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First-class functions

Intro

Functions are pieces of code that can take arguments, and return values.

Named functions are declared with this syntax:

    <name> : func <arguments> <return type> {
        <body>
    }

Where arguments are comma-separated, enclosed between parenthesis, and return type is prefixed with a right arrow ->.

Arguments may be omitted if the function doesn't take any, and return type may be omitted too, if the function is void.

Example:

    max: func (a, b: Int) -> Int {
        a > b ? a : b
    }

But this is a valid expression too:

    func <arguments> <return type> {
        <body>
    }

And with decl-assign, we can declare a variable named 'max', equal to this expression. And then use it very much like a function

    max := func (a, b: Int) -> Int {
        a > b ? a : b
    }
    answer := max(-1, 42)

Differences between function and first-class functions

The first difference is: functions are immutable. First-class functions are variables, and thus can be overwritten by simple assignment.

    // this is invalid: don't do that.
    someFunc: func {}
    someFunc = someOtherFunc

    // this, on the other hand, is valid
    someFunc := func {}
    someFunc = someOtherFunc

The second difference is: first-class functions can capture context. Closures are first-class functions that capture context.

    // here's a normal function
    clone: func (l: List<Int>) -> List<Int> {
        copy := ArrayList<Int> new(l size())
        l each(func(element: Int) {
            copy add(element)
        })
        copy
    }

Here, our anonymous, first-class function which also happens to be a closure, is

    func(element: Int) {
        copy add(element)
    }

It captures the context because we access 'copy' in it - which isn't an argument of the function, nor a variable declared inside the function.

It's declared outside, and still we can access it - that's what capturing context is.

So let's sum up: first-class functions may be overwritten by assignment, and may capture context.

The type of first-class functions

So, when we do:

    max := func (a, b: Int) -> Int {
        a > b ? a : b
    }

What exactly is the type of 'max' ?

Let's declare it in two steps instead:

    max : Func (Int, Int) -> Int
    max = func (a, b: Int) -> Int {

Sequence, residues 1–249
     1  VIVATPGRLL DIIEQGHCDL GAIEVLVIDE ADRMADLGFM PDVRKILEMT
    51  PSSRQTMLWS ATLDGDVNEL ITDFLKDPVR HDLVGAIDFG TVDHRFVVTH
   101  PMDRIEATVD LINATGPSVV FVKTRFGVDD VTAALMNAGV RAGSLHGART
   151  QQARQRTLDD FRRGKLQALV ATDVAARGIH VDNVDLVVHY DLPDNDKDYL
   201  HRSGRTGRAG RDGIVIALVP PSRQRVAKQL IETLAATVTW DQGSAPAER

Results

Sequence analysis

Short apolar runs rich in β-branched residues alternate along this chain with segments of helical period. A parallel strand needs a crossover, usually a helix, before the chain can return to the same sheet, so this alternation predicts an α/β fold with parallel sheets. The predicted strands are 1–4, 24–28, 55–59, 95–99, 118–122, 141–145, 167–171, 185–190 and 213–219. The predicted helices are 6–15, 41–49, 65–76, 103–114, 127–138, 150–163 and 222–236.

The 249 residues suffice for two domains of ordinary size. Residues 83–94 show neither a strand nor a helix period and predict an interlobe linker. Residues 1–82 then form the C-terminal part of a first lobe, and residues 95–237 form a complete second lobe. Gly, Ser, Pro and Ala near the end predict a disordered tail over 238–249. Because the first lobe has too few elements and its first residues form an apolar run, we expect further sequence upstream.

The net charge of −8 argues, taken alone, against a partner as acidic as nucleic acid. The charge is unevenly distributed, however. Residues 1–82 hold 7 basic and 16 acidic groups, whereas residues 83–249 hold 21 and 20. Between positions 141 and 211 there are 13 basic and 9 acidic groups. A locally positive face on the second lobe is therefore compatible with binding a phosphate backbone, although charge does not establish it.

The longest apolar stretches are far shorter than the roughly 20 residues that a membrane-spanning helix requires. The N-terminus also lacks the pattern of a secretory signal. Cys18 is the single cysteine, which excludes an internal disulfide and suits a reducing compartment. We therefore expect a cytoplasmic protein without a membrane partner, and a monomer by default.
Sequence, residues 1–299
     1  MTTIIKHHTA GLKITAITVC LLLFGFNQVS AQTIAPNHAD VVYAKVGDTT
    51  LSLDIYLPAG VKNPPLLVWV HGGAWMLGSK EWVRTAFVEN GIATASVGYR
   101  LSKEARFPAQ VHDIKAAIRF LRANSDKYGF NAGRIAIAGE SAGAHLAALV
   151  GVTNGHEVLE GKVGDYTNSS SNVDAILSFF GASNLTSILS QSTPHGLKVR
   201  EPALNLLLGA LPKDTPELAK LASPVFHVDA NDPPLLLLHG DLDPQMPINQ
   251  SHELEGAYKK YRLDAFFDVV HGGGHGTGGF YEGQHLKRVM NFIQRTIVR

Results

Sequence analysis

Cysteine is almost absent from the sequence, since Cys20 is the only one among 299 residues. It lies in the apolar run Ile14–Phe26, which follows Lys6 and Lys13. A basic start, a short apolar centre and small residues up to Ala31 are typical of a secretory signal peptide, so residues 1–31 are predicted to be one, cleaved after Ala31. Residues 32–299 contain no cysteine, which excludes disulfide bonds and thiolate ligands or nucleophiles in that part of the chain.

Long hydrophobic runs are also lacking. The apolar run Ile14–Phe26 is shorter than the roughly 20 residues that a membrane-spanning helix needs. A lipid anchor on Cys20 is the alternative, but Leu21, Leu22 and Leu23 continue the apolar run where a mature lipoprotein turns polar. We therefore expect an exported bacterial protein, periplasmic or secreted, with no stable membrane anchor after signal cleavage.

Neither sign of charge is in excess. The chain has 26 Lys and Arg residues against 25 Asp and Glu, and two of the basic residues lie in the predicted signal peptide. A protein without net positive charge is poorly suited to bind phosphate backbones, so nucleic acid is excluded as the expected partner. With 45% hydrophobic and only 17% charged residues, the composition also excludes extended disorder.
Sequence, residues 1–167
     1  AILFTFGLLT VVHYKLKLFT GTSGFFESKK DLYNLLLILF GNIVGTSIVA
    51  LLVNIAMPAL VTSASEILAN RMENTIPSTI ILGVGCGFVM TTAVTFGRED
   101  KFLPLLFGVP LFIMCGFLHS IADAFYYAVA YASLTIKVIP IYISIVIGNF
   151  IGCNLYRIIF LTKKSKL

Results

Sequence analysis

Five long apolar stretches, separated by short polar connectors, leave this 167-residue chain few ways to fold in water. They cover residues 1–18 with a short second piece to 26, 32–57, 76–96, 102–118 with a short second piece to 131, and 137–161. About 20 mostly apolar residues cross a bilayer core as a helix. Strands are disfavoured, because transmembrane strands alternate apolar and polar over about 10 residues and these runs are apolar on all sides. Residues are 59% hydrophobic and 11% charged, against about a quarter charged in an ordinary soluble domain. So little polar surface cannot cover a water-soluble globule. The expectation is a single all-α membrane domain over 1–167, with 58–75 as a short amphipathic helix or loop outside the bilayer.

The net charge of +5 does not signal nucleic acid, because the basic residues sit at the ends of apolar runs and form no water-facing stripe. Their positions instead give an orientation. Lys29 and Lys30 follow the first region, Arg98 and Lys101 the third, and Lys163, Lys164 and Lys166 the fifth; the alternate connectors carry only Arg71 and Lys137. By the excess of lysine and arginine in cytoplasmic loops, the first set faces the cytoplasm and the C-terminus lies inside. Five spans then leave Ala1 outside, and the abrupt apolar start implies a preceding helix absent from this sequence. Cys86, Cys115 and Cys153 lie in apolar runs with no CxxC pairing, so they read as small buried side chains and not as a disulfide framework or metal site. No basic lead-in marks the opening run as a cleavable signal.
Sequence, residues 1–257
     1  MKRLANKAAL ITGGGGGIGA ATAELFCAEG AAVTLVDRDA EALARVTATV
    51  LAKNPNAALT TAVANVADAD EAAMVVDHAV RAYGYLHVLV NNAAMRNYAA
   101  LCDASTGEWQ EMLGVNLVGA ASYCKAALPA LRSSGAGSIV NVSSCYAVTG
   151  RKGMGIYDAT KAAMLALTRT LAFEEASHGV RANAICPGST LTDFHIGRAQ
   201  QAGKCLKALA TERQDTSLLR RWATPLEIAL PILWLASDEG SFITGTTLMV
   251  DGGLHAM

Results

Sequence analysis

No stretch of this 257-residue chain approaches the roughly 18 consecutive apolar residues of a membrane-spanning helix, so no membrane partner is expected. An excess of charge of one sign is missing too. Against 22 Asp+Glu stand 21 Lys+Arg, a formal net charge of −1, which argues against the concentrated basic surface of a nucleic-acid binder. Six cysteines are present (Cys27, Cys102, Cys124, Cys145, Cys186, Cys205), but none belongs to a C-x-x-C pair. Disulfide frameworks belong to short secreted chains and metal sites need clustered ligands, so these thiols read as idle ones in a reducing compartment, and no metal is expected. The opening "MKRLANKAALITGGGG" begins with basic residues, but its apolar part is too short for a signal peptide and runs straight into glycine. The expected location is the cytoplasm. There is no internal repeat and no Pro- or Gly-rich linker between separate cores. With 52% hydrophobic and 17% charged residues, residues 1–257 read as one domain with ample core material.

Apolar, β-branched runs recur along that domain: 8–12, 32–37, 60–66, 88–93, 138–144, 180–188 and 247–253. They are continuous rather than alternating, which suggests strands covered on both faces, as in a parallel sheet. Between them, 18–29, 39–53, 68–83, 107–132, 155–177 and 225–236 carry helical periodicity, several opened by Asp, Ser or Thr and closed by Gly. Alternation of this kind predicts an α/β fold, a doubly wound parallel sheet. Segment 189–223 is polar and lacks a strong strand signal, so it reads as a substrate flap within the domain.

a > b ? a : b
    }

Func is a type that has a special syntax:

    Func <argument types> <return type>

As with regular functions declaration, both argument types and return types can be omitted.

Type inference - ACS

Declaring the type of first-class functions is mostly useful in function arguments.

For example, in the SDK, the declaration of each goes like this:

    List: class <T> {
        each: func(f: Func (T)) {
            // ...
        }
    }

So it takes a function that takes one argument of type T

Hence, clearly doing that in our clone function above:

    l each(func(element: Int) {
        copy add(element)
    })

Is unnecessary. Since we know that l is a List, and that each takes a Func (T) then we know that element is of type Int.

And thus, we can write that:

    l each(|element|
        copy add(elements)
    )

The proper syntax for that is

    call(|<name of arguments>|
        <body>
    )

If there are no arguments, this is valid:

    call(||
        <body>
    )

And is then equivalent to:

    call(func {
        <body>
    })

The return type is inferred as well.

Other differences - member functions vs member first-class functions

    Dog: class {

        shout: func {
            "Woof woof" println()
        }

    }

    d := Dog new()
    d shout()

    Dog shout = func {
        "Ruff ruff" println()
    }
    d2 := Dog new()
    d shout()
    d2 shout()

Prints:

    Woof woof
    Ruff ruff
    Ruff ruff

When assigning 'Dog shout', we change the member method of all past and future Dog instances. This happens because 'shout' is actually stored in the meta-class

Consider the differences with that instead:

    Dog: class {

        shout := func {
            "Woof woof" println()
        }

    }

    d := Dog new()
    d shout()

    d shout = func {
        "Ruff ruff" println()
    }
    d2 := Dog new()
    d shout()
    d2 shout()

Prints:

    Woof woof
    Ruff ruff
    Woof woof

Here, 'shout' is a member variable. Assigning to 'd shout' changes it only for that instance, so d2 shout isn't changed.